It’s Flagler Beach’s turn to figure out how to make up for property values’ latest double-digit drop (17 percent as of January 1), which will cost the city almost $500,000 in revenue out of a $5 million general fund.
Tuesday afternoon, the city commission met to discuss its options. From a strictly fiscal perspective, those options aren’t nearly as complicated as the political implications. The city has four choices. City Manager Bruce Campbell outlined them: raise taxes to make up the revenue. Cut services. Raid reserves. Or do a combination of all three. Commissioners didn’t make decisions on Tuesday.
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If the city were to raise the property tax to generate the same amount of revenue next year as it is generating this year—that is, to make up for the drop in values—that tax rate would have to go from $4.2 per $1,000 to $5.25, or roughly $100 for the average house—assuming that that house has not seen its value decline. The city is reluctant again to do what it did last year, which was to rely almost entirely on a property tax increase (22 percent last year) to balance the books.
The likely outcome is that combination approach, particularly since the city is sitting on a sizable general fund reserve approaching $3 million.
To put that in perspective: Flagler Beach’s general-fund budget is six times smaller than Palm Coast’s, but its reserve is larger by about $1 million. The reason: Flagler Beach city commissioners have been willing to raise property taxes in the past few years to make up for lost revenue, and expenses in the city have been relatively modest.
Five years ago Flagler Beach’s property tax was $3 per $1,000 in taxable value. That means a $150,000 house with a $25,000 homestead exemption at the time was paying $375 in city taxes. In the intervening years, the property tax has risen to $4.2 per $1,000. That’s not to say that that $150,000 house is now paying $525, for two reasons: if that house has followed housing-value trends, its value is likely closer to $100,000 or $110,000. The homestead exemption has also been doubled, to $50,000. That means the taxable value of that house has dwindled to $60,000. The tax bill this year: $252.
It is a misconception, in other words, that property owners have suffered a serious tax increase in the last several years, although long-time homesteaded property owners have felt a larger pinch than others—just as, during the boom years, those same homesteaded property owners had been shielded from the rapid rise on taxable values because of Florida’s 3 percent cap on year-over-year increases in those values.
Take Flagler Beach City Commission Chairman John Feind’s tax bill. He lives in a 2,000-square-foot house on Oceanshore Boulevard, a house he bought in 1987 for $173,200. In 2010, it had a market value of $276,000 (down from $385,000 the year before), but was assessed at $162,000, with a $50,000 homestead exemption, leaving it with a taxable value of $111,000. Feind’s tax bill for Flagler Beach last year: $469, and $2,311 for all taxes, including county and school taxes.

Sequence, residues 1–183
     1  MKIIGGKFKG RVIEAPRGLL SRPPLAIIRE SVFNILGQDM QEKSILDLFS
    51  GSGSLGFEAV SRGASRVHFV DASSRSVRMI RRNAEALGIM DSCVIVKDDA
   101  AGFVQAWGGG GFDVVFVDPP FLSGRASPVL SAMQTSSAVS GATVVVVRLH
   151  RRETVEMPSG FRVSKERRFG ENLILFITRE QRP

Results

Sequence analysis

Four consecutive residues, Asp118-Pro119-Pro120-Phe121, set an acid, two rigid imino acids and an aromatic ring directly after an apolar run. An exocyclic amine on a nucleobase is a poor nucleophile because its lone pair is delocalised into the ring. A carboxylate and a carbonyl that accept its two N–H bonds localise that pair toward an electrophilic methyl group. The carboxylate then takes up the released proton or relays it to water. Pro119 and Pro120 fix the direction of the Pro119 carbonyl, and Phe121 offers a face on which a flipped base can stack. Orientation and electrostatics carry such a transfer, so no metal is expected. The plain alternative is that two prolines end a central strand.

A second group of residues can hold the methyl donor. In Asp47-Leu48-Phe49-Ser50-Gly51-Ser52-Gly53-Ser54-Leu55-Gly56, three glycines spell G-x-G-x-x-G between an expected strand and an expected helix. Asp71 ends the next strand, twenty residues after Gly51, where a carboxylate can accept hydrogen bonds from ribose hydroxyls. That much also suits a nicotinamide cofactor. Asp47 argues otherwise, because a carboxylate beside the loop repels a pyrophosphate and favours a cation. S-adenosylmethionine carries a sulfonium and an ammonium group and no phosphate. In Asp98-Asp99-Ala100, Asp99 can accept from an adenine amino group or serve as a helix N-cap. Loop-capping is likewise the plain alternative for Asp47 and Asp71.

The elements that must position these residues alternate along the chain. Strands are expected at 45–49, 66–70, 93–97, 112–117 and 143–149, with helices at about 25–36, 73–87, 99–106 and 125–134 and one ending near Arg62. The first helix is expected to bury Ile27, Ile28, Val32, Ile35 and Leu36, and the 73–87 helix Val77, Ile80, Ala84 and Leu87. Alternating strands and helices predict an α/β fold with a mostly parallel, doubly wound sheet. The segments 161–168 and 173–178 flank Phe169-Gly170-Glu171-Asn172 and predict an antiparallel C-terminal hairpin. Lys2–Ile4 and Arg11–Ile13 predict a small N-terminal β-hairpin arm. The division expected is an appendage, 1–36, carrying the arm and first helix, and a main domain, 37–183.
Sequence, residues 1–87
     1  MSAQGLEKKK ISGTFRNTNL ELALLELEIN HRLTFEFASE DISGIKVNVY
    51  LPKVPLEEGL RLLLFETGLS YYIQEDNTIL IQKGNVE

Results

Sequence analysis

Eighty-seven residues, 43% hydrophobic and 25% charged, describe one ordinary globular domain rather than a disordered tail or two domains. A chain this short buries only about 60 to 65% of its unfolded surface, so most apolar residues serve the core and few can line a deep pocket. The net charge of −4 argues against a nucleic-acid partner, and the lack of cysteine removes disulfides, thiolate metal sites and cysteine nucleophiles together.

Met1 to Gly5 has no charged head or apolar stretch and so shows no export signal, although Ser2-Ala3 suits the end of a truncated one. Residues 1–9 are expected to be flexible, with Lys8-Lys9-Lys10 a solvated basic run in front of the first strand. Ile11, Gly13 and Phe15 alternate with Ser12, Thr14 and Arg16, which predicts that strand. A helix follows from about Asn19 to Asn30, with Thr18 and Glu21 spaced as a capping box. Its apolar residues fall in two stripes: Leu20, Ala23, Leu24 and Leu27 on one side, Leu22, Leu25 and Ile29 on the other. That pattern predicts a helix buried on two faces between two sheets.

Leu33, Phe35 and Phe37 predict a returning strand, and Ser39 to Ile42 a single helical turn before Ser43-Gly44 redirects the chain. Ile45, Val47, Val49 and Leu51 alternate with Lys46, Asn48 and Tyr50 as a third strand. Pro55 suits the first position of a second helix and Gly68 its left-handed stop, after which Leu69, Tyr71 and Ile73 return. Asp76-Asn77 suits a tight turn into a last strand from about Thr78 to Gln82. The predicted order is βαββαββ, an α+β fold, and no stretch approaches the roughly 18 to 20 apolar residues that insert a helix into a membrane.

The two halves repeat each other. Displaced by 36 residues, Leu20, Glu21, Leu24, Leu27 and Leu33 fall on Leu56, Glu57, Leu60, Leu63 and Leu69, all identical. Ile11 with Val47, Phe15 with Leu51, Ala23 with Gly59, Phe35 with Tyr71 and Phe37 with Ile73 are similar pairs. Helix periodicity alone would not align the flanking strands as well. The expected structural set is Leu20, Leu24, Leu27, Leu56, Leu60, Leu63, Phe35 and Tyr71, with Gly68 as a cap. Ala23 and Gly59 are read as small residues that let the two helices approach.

In 2004, when Feind’s house had an assessed value 20 percent higher, he was billed just $346 in Flagler Beach taxes, and $2,045 overall. It looks like he’s had quite a tax increase over the years. Not so. Adjusted for inflation, Feind paid more in 2004–$2,434 in constant, 2011 dollars—than he did last year.
The preliminary taxable value this year on Feind’s house has actually gone up to $166,000, bucking the trend in the rest of the city. So if taxes were raised in the city, Feind would feel the full effect. On the other hand, Jane Mealy’s house was assessed at $198,000 last year. This year, it’s assessed at $168,000, a 15 percent drop. Even if Flagler Beach were to raise taxes 15 percent, Mealy would not feel the effects of the increase. Mealy’s case is more typical across Flagler Beach, where average property value losses are at 17 percent. (Keep that in mind when it comes time for commissioners to vote on next year’s property tax.) Feind, in fact, was more agreeable to using reserves than raising taxes.
Campbell, the acting city manager, set a goal for his department heads to find 10 percent in cost reductions, while Commissioner Steve Settle proposed that department heads find 5 top 7 percent in cuts, with the commission being responsible for finding 5 to 7 percent in new revenue. One idea not heard before, which Campbell conveyed: cutting back on night-time police coverage by contracting with the sheriff’s office to cover that shift. That idea didn’t get much support.